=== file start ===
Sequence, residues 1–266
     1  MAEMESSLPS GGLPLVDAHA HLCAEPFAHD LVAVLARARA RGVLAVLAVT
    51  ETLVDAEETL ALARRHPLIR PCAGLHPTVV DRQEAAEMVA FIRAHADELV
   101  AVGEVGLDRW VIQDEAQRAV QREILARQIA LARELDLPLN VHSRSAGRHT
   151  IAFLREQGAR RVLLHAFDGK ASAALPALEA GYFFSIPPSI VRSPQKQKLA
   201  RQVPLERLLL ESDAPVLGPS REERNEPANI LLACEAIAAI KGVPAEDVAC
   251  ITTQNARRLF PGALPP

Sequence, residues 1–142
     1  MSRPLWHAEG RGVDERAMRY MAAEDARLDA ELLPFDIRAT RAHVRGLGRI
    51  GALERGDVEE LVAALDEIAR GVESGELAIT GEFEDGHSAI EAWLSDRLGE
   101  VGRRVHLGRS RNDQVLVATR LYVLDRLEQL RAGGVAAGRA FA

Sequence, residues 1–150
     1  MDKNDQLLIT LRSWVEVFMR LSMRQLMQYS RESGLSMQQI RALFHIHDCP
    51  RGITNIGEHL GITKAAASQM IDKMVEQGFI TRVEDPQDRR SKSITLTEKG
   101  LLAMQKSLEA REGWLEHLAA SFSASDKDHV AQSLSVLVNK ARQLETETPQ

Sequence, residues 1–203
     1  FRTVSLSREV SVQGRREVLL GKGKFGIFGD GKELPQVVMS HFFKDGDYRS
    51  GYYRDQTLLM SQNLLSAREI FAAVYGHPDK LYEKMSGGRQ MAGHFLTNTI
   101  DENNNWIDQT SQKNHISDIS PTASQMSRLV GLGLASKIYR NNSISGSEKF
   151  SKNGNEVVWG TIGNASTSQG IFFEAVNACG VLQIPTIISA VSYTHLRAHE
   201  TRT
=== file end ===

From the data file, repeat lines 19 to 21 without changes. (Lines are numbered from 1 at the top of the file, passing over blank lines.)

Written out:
   101  DENNNWIDQT SQKNHISDIS PTASQMSRLV GLGLASKIYR NNSISGSEKF
   151  SKNGNEVVWG TIGNASTSQG IFFEAVNACG VLQIPTIISA VSYTHLRAHE
   201  TRT